Our home - the Earth - is in danger. The planet itself is not at risk of being destroyed, but the conditions, which allow humans to live, are. Unless we become aware of the consequences of our actions, that we have started to unleash into the atmosphere around our world such quantities of carbon dioxide to the extent that we have literally altered the relationship between the Earth and the Sun. If we don’t stop, and soon, the average temperature will rise to levels which humanity has never experienced, ending the very climatic balance upon which rests our civilisation.

La Repubblica_, 2nd July

Of course, Al Gore - the writer - does not say that this is a consequence of the capitalist mode of production, and talks as if the responsibility for the disaster were all of humanity’s, but in reality the “we” he refers to is exclusively the class to which he belongs, the bourgeoisie. The proletariat, even if it had wanted, would never have been able to provoke a similar disaster for the simple reason that the means of production do not belong to it and it cannot choose how they are used. The choices are all made by the bourgeoisie and obey their fundamental interest - maximising profits at all costs, even if this translates into the destruction of the environment and permanent war.

Capitalism’s Black Gold

The bitumen deposits which is the source of the huge wealth of Alberta, a Canadian region, were not included, up to 2001, as constituting a fraction of the world’s oil reserves due to the simple reason that the extraction of a barrel of oil from bitumen involves between $18-20 per barrel.

In the mid 1980s - Naomi Klein informs us - oil was sold at $20 per barrel. In 1998-99 the price went down to $12 per barrel and the main players had no intention to pay a higher price for oil than that at which they could sell it... Then came the US invasion of Iraq. In March 2003 the price of petrol reached $35 per barrel and that made the possibility of extracting profit from tar-laden sand (what the industry called oil sand) feasible. That year, the US Energy Information Administration “discovered” oil in the tar-laden sand ... The following year Canada surpassed Saudi Arabia (whose cost of extraction is less than $4 per barrel) by becoming the main supplier of oil to the USA.

N. Klein - “Iraq and Canada” - L’Espresso, 24/2007

And in this way the U.S. oil companies have been able to make unexpected profits, we could say out of nothing, because, had it not been for the war, that sand would have remained devoid of economic value.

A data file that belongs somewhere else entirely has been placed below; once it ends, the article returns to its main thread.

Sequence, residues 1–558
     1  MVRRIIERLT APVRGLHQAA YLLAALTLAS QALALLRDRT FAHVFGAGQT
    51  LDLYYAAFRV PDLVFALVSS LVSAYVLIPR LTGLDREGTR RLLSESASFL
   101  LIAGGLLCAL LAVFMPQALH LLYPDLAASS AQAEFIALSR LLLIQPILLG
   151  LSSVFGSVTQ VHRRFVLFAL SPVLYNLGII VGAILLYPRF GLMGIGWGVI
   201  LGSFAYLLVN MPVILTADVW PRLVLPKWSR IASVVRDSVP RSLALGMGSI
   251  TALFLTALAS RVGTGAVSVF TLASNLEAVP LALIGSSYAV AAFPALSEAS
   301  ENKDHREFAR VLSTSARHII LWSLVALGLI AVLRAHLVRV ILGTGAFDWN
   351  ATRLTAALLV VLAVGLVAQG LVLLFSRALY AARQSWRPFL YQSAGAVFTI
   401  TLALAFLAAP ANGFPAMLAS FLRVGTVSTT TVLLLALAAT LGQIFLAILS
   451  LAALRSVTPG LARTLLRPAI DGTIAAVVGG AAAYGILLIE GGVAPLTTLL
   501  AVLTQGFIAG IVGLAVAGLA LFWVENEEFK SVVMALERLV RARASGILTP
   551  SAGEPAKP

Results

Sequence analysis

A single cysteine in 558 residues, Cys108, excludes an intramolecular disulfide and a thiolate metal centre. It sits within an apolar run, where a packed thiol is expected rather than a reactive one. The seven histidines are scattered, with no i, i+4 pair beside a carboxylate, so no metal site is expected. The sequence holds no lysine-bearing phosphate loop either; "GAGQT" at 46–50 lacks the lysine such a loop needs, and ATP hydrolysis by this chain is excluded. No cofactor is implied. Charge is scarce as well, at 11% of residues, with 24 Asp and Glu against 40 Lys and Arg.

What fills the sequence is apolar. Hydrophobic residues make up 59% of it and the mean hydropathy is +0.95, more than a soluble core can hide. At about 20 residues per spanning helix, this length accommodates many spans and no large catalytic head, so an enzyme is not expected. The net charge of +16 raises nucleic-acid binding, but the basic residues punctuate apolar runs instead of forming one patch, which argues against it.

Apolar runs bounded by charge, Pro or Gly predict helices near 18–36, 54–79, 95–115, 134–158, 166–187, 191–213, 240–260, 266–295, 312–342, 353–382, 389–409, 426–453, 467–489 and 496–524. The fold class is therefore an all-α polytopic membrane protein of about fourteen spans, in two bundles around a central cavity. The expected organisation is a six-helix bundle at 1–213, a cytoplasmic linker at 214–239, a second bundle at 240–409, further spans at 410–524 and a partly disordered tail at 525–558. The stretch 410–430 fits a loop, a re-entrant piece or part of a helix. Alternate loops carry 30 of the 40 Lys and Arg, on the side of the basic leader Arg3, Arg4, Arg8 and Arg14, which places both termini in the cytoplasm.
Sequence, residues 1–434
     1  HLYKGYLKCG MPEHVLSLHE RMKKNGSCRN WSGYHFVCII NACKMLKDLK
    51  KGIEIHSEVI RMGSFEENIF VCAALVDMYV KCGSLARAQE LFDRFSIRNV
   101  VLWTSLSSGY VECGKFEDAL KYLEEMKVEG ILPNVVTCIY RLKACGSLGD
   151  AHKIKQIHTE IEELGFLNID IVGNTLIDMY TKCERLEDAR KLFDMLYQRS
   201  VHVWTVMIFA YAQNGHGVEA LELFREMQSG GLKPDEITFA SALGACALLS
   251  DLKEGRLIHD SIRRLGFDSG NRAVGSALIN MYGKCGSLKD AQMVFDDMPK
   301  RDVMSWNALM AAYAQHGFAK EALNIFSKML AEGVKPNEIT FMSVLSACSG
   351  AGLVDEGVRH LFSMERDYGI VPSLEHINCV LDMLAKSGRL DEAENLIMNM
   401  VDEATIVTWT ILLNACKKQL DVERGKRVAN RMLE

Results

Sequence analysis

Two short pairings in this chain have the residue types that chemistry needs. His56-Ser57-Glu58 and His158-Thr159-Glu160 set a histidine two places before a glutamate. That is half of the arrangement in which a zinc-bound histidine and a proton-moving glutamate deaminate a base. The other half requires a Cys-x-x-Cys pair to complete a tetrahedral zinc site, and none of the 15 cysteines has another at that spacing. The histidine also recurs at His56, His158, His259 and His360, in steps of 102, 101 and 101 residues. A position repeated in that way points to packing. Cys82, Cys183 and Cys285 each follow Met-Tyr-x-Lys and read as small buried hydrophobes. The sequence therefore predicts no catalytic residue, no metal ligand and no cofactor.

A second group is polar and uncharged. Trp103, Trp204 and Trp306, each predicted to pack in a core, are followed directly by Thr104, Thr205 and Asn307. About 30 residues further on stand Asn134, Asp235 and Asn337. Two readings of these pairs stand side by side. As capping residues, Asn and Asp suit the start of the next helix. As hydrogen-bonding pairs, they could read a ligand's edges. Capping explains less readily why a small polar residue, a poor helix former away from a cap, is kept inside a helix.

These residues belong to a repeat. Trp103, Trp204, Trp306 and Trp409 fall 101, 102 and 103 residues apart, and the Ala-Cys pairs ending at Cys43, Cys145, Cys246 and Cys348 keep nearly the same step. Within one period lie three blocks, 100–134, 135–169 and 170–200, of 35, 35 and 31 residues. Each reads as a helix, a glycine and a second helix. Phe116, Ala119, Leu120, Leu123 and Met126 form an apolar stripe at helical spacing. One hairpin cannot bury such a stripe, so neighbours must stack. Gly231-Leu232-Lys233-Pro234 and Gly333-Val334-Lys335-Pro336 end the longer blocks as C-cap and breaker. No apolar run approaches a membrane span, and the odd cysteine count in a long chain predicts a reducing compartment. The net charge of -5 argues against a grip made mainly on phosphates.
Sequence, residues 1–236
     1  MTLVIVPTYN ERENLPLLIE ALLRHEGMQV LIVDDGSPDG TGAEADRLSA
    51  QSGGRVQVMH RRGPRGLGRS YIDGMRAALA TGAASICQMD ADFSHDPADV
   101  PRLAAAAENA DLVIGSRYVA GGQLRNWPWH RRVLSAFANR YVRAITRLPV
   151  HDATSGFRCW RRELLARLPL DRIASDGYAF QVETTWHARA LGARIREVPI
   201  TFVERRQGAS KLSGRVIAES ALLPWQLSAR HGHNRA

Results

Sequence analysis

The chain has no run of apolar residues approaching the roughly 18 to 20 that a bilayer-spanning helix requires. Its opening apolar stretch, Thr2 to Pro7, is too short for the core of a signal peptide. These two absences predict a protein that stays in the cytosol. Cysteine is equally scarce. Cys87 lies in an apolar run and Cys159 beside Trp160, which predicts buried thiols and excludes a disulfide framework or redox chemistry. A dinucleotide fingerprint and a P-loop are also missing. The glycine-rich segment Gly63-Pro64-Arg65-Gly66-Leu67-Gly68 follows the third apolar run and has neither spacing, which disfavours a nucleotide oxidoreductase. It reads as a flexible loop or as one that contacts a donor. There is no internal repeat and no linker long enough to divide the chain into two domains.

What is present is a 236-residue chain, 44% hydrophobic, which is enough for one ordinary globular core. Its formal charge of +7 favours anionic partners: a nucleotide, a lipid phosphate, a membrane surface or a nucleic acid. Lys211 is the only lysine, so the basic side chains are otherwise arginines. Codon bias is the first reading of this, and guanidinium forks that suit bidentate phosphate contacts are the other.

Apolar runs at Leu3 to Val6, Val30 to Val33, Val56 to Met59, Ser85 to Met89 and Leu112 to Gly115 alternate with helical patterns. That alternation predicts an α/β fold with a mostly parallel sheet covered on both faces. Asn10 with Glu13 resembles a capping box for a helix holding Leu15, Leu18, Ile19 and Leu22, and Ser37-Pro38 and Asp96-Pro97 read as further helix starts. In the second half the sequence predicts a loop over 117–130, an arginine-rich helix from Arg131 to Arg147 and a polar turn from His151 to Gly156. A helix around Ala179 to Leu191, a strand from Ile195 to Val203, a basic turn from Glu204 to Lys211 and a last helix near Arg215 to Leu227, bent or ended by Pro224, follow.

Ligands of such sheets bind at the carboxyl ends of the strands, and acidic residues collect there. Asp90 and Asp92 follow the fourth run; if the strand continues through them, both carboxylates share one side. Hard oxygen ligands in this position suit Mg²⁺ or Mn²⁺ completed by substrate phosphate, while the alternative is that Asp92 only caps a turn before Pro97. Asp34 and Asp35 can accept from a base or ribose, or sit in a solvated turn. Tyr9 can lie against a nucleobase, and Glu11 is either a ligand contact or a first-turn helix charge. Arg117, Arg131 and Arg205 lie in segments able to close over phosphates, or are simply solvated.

All the large oil companies - continues N. Klein - except BP, have rushed to Northern Alberta; Exxon Mobil, Chevron and Total; the latter alone forecasts investing between $9 and 14 billion. Up to April, Shell has spent $8 billion to take full control of its Canadian subsidiary.

And since, as long as the war continues, the price of oil is set to rise, it is predictable that the flow of Canadian oil will not stop. Nevertheless not only is the cost of its extraction high, but also, the cost to the environment is higher still. In fact...

Exploiting the sands - N.Klein informs us - signifies cutting down the forests and destroying animal life: the Pembina Institute, the highest authority regarding the environmental impact of the oil-bearing sand, warns that there is a risk of cutting down a wooded area the size of the state of Florida.

All in all, the logic of profiteering takes an exactly diametrically opposing direction to the one we need to take if we are going to try and save what Al Gore calls “Our home” .

Profits before the Planet

Seen from the moon, rather than our home, this world looks more like “our madhouse” It might seem so, but only according to one’s point of view. Certainly not from the point of view of the bourgeoisie, in other words, the class that possesses the means of production and uses them according to the logic of profit. For the capitalists, in fact, all of this is the height of rationality. If one of them, for example, invests a capital of 100 in the production of some commodity, and everything goes well, thanks to the exploitation of the labour force, the capital will be expanded. So the original 100 becomes 150. Let us take away, say, 20 for the capitalist’s own expenditure, and now our capitalist has 130 to reinvest. Now, supposing that the capitalist is a brave person, who wants to continue to harvest the same rate of profit, then he or she is confronted with the problem of creating a higher total profit, since now the capital to be invested is 130, not 100. This reproduction on an extended basis is only possible through the exploitation of labour-power, which imposes the maximisation of profit. Similarly, the fishing for poisoned clams, paying little attention to the fact that they may be deadly, becomes more profitable than controlled rearing of the clams. The same can be said of the extraction of oil from bitumen, even if this implies the destruction of forests. Our Economics professors could object that this is basically about marginal details and that is an old communist line, as they deny that what is rational for capital is in conflict with the interests not only of the proletariat but also the overwhelming majority of humanity. You only have to look around to realise that in the so-called legal economy every day more workers die than soldiers locked in the multiple wars around the world; that the distinction between legal and illegal is so subtle it is hard to tell one from the other, and that the planet is on the edge of collapse because of the huge quantities of carbon dioxide the factories unleash into the atmosphere. And now one can only agree with Saramago when he says; this world isn’t working, forward to another!